In another era Rahul Dravid might well have said “to thine own self be true”. But speaking at the Bangalore Literature Festival he opted for a more circumspect approach and told youngsters that aping iconic Indian skipper Virat Kohli was not really his idea of being kosher.
Of course there is much to marvel and admire in Kohli. But is he the ideal role model for youngsters? Well, that’s debatable.
A role model serves as an example of the values, attitudes and behaviours associated with the role. Dravid’s argument is that Kohli’s disposition to some of these attributes need not necessarily work for others.
Kohli is an outstanding success as a cricketer. His work ethics have been brilliant. The effort and thinking he puts into batting, fielding and fitness are stupendous and certainly a solid lesson for youngsters.
The jarring note, if you call it that, is his in-your-face aggression; a willingness to go on an eyeball-to-eyeball confrontation with the opposition — even if it means he has to initiate it — and the propensity to make provocative comments at the drop of a hat.
These, as Dravid pointed out, may actually be the fuel that powers Kohli. He gets charged up, focused and extremely determined after a confrontation. Maybe it even helps him get into the ‘zone’ and opens up mental channels that might otherwise lie dormant.
In fact former Australian pace bowler Jason Gillespie alluded to it when he said that his advice to his compatriots would be to not needle Kohli. He had said before the start of the series earlier this year that confrontation brought the best out of Kohli and the Aussies would be better served to leave him alone.
Kohli’s aura actually expands in a confrontation. He gets alert, alive and primed for action after a skirmish or exchange of words.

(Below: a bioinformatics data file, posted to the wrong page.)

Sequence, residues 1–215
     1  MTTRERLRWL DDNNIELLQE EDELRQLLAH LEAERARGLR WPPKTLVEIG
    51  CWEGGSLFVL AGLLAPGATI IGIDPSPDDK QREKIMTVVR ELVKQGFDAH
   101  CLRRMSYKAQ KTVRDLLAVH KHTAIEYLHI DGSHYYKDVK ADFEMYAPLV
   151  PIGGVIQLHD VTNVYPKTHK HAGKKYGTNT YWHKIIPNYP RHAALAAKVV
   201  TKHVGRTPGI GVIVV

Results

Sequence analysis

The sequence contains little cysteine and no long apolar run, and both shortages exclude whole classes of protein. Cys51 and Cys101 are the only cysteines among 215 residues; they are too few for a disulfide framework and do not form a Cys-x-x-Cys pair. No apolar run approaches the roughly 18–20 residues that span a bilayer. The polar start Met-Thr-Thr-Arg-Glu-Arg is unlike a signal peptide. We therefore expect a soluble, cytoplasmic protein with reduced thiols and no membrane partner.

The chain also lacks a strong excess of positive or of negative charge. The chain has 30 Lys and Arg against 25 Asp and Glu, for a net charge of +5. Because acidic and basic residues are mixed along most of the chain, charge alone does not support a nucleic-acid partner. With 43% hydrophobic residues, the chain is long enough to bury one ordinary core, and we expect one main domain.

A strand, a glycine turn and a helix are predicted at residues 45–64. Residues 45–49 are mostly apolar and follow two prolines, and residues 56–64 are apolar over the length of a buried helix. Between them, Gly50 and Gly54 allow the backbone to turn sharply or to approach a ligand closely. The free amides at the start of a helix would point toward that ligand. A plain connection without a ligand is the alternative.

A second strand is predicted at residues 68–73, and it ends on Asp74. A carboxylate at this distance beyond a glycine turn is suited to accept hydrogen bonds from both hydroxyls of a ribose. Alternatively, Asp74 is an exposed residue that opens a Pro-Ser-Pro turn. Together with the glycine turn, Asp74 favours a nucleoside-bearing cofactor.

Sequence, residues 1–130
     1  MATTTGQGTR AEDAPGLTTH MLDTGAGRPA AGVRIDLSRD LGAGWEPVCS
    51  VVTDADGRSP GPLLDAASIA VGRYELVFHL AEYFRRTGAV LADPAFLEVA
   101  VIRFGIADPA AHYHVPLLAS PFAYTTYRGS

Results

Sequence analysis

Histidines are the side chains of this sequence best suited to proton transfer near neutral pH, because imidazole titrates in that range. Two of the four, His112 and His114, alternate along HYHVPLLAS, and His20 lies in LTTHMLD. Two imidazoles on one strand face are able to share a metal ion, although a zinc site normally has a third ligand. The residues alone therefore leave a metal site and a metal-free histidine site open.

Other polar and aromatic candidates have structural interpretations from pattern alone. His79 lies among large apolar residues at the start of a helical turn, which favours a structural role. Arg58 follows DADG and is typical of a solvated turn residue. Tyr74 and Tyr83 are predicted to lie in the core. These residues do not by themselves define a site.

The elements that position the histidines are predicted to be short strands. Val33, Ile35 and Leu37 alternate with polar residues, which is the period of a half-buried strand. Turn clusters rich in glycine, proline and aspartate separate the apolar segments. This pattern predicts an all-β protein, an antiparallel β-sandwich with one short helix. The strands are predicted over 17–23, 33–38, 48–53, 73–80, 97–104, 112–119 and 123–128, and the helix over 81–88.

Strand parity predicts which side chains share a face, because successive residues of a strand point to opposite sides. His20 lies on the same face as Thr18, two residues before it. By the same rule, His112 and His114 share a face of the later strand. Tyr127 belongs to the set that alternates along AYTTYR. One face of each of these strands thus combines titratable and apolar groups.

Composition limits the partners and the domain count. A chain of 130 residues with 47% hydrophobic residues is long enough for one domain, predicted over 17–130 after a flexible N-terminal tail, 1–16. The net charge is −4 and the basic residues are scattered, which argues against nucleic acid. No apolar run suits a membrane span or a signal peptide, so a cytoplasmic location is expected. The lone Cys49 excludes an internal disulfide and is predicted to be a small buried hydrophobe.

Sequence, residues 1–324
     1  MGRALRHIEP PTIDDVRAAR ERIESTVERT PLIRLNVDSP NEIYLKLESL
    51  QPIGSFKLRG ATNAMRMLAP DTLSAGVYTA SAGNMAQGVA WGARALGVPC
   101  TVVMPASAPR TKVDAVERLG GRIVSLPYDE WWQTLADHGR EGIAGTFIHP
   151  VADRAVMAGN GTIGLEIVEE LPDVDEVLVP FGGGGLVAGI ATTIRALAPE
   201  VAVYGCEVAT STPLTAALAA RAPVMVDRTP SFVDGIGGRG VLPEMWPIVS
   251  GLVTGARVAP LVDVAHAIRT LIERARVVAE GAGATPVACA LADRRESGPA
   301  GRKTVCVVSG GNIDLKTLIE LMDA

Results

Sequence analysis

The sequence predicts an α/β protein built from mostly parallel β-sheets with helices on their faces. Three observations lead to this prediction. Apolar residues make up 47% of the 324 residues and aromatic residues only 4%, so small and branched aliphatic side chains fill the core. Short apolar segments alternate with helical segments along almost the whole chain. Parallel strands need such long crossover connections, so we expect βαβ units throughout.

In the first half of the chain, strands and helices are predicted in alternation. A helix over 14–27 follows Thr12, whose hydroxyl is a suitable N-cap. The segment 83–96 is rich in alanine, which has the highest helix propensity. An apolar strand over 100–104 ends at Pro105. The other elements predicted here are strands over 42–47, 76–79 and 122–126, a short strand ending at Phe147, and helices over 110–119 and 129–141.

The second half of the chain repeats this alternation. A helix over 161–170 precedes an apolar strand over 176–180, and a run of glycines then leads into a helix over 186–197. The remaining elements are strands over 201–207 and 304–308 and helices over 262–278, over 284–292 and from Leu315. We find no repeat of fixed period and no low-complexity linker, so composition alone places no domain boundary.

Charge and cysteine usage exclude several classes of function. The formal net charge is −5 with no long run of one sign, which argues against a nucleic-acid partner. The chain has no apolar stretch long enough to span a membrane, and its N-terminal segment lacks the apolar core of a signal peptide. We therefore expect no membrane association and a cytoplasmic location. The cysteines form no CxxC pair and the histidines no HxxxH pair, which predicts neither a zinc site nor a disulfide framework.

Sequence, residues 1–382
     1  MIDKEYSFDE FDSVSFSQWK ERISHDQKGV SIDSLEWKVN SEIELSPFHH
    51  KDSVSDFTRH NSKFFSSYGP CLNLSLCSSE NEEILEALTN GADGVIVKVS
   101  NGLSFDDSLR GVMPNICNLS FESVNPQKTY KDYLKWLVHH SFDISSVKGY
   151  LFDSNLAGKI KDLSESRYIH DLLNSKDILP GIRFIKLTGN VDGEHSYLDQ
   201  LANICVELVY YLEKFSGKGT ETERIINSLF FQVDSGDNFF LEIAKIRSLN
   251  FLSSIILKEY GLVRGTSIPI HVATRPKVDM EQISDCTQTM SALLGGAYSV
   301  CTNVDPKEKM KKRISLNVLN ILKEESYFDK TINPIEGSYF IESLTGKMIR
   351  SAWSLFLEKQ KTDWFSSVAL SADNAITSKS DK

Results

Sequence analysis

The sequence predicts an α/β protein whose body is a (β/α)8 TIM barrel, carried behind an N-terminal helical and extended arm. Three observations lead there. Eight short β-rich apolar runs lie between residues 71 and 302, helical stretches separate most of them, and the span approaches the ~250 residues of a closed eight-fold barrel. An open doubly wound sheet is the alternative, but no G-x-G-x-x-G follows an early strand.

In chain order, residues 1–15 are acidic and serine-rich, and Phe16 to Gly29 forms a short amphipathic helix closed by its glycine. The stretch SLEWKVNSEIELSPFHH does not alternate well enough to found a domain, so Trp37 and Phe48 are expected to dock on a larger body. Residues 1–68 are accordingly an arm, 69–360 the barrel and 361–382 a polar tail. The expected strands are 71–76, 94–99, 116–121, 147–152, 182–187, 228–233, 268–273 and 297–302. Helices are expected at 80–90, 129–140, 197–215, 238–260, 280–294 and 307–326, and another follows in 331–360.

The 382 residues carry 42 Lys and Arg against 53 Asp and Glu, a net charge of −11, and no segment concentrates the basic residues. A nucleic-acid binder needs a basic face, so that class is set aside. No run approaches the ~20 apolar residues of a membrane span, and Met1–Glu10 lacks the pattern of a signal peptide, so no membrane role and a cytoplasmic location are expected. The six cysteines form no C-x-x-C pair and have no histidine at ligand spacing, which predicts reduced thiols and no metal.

Dravid said as much: "Sometimes, especially before an Australia series, you'll find Virat saying the most outrageous things. And I read the paper and cringe at times. But then I think back, maybe he actually wants that contest. He wants that lip on the field because that gets the best out of him. Now that might not be everyone's cup of tea. But at the end of the day, he's got to do what gets the best out of him.”
Much before Kohli that genius of a tennis player, John McEnroe used to work himself into a frenzy in an attempt to lift the quality of his game. McEnroe was a sensational left-handed player. He was supremely gifted and made a mickey of most opponents. But McEnroe’s behaviour was outrageous. Nobody would know for sure on whom his ire would be directed at during each match —chair umpire, balls boys, spectators or opponent, all came in the ambit of his outburst.
His comments on court were caustic and even insulting. He once screamed at an umpire: “There are thousands of umpires in the world and I end up with a moron like you!”
Kohli, though, is definitely not as insulting as McEnroe. But he’s had his moments.
His retort to Australian fast bowler James Faulkner's sledge during an innings Down Under: “You're wasting your energy. There's no point. I've smashed you enough in my life. Just go and bowl."
Or his saying that he won’t be friends with Australians.
Or his ‘cheating’ comment at the Bengaluru Test after Steve Smith had his now infamous “brain fade” moment: “There is a line you don't cross on the cricket field — sledging and playing against the opponents is different — but, I don't want to mention that word but it falls within that bracket.”
While this approach has got Kohli’s competitive juices flowing, Dravid is well aware that the same stroke cannot be used for different folks.
The India ‘A’ and Under-19 coach is in charge of a bunch of young, promising cricketers. He probably wants to guard his flock against negative energy even as he is aware of the tremendous influence that a charismatic role model like Kohli could have on aspiring youngsters.
Just like it is said that `when the student is ready, the teacher appears’, Dravid’s cautionary advice could be a timely one for the likes of Prithvi Shaw and others.
Years ago, master batsman Viv Richards walking in to bat was a sight to behold! He would conspicuously chew gum, slap the top of his bat handle a couple of times, pull down the peak of his cap and swagger all the way to the batting crease. He would proceed to effortlessly demolish bowling attacks. A legion of young aspiring cricketers all over the world took to chewing gum and swaggering around in imitation of the great batsman. But none could be even a patch on the maestro’s batting expertise.
Likewise it would be a shame if young cricketers imbibe Kohli’s brashness rather than his dedication, discipline and dexterity with the game.
It is in this context that Dravid's advice to each cricketer to make his own bed must be seen. Imitate all that is Kohli at your own peril!